Bidders Turn Their Eyes To Garth’s May Ohio Valley - American Decorative Arts Sale On May 16-17, Garth’s Auctions will host a two-day auction of over 850+ lots of Early American Furniture & Decorative Arts, featuring the highly anticipated 8th Annual Ohio Valley session.
On May 16-17, Garth’s Auctions will host a two-day auction of over 850+ lots of Early American Furniture & Decorative Arts, featuring the highly anticipated 8th Annual Ohio Valley session. The sale consists of approximately 900 lots and includes part two of the Ray and Mary Ann Meisberger Collection, as well as Ohio pottery from the collection of the late Jim Murphy, who was a well-known archaeologist at The Ohio State University. Amelia Jeffers, president of Garth’s Auctions remarked, “This is high quality auction with a lot of depth in every category and the ceramics and stoneware are excellent. This auction comes on the heels of several very good Americana auctions and I’m really proud to say it reflects the importance of the collectors in the Midwest and the Ohio regions such as Gregg & RuthAnn Ellington, longtime collectors and friends of Garths.”
The Ohio Valley session begins Saturday, May 17th at 10:00 am and will offer nearly 200 lots. The Ohio Valley sessions were first offered at Garth’s in 2007 in the interest of emphasizing the importance of Ohio’s material culture. One of the most anticipated lots of the session is an unsigned oil on canvas, half-length Portrait of Henry Clay (American, 2nd quarter-19th century). The Kentucky statesman is depicted with piercing blue eyes, and wearing a yellow vest. The portrait was once in the collection of Helen Clay Frick (1888-1984), daughter of one of America's greatest industrialists and art collectors, Henry Clay Frick. Born at Clayton, the Frick family estate in Pittsburgh, Helen followed her family to New York where her father built his Fifth Avenue mansion. After his death in 1919, Miss Frick, also a collector and staunch supporter of the arts, played a key role in building and managing the Frick Collection, the museum comprised of her father's New York mansion and art collection. She also established the Henry Clay Frick Fine Arts Department at the University of Pittsburgh, and later funded the construction of the Frick Fine Arts Building. Helen Clay Frick's personal collection forms the core of what is now the Frick Art and Historical Center (located at Clayton).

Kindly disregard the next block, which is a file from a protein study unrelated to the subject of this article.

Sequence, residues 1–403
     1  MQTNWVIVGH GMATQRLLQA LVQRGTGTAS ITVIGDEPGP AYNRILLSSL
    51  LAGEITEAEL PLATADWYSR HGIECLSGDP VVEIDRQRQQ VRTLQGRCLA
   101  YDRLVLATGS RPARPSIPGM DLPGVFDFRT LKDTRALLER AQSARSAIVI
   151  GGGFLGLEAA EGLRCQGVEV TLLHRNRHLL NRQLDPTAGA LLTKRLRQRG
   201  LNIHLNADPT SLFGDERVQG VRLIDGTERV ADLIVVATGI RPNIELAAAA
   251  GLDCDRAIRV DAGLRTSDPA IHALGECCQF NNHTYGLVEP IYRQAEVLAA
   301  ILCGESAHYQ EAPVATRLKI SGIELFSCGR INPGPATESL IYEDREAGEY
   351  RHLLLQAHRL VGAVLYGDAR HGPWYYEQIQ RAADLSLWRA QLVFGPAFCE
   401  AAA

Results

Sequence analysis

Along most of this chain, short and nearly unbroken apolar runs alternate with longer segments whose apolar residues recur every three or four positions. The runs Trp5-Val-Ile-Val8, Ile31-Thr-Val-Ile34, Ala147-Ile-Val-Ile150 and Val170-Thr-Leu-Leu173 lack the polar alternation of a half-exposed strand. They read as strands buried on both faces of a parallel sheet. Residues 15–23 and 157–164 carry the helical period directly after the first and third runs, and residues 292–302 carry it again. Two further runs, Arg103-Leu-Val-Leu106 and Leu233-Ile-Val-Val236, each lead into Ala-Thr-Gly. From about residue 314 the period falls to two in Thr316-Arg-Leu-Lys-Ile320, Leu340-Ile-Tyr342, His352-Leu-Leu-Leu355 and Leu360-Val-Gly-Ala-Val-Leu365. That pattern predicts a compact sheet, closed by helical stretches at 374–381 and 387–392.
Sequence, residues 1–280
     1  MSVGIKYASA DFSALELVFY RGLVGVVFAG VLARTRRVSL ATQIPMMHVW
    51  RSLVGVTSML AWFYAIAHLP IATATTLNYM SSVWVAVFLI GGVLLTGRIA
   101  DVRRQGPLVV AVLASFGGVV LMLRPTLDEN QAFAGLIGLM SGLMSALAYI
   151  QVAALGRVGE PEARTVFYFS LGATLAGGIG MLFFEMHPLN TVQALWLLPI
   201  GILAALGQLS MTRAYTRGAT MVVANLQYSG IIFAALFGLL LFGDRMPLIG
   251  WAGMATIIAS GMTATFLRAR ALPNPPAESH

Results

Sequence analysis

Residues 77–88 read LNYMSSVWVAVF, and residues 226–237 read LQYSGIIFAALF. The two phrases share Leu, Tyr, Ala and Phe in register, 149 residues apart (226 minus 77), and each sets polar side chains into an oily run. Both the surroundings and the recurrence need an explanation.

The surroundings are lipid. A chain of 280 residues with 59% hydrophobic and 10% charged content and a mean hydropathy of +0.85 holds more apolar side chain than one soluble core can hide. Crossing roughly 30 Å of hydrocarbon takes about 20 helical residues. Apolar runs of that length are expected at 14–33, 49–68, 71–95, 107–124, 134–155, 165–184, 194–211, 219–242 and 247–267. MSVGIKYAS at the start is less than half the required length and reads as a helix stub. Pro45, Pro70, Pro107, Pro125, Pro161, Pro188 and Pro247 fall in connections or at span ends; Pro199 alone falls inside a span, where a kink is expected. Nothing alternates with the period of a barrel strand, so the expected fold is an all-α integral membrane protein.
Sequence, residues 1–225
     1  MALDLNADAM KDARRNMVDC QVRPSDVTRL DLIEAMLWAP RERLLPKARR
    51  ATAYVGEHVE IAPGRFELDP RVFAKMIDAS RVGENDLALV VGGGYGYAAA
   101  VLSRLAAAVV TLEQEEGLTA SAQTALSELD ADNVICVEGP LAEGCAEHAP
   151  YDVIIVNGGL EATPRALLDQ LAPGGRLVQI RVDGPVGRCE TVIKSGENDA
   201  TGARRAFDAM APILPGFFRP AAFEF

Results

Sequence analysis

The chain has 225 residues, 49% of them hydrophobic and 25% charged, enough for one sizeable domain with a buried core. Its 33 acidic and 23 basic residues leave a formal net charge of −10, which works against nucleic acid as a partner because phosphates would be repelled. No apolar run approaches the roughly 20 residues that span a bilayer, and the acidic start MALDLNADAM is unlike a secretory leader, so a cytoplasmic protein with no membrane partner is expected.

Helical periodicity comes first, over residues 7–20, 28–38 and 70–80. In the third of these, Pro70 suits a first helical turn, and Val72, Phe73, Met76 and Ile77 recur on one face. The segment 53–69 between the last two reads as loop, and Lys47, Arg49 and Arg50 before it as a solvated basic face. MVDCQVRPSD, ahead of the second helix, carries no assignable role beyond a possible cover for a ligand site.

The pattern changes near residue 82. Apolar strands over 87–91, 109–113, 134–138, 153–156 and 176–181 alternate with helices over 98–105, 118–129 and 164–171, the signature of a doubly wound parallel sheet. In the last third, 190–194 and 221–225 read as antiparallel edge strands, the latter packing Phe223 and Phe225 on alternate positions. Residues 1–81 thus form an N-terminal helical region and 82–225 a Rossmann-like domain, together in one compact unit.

Based on a label en verso, Miss Frick likely acquired the portrait from Kennedy Galleries(New York) in the 1950s or early 1960s. Then, in the spring of 1965, she gave it to her good friend James G. Fulton, Congressman of Pennsylvania's 27th district, writing, "I have decided to send you a painting. The painting in question is the portrait of a gentleman we both admire-"Henry Clay..." Fulton responded, "I can not tell you how much I appreciate your friendly interest in sending the picture of Henry Clay...With your permission, I believe I will keep it in my Pittsburgh office." Both original letters accompany this portrait. Following Fulton's death in 1971, the portrait was purchased by his brother, Robert D. Fulton, at the estate auction for $5,000. Marie Fulton, his wife, later gifted the portrait to Congressman Fulton's niece, in whose family it descended.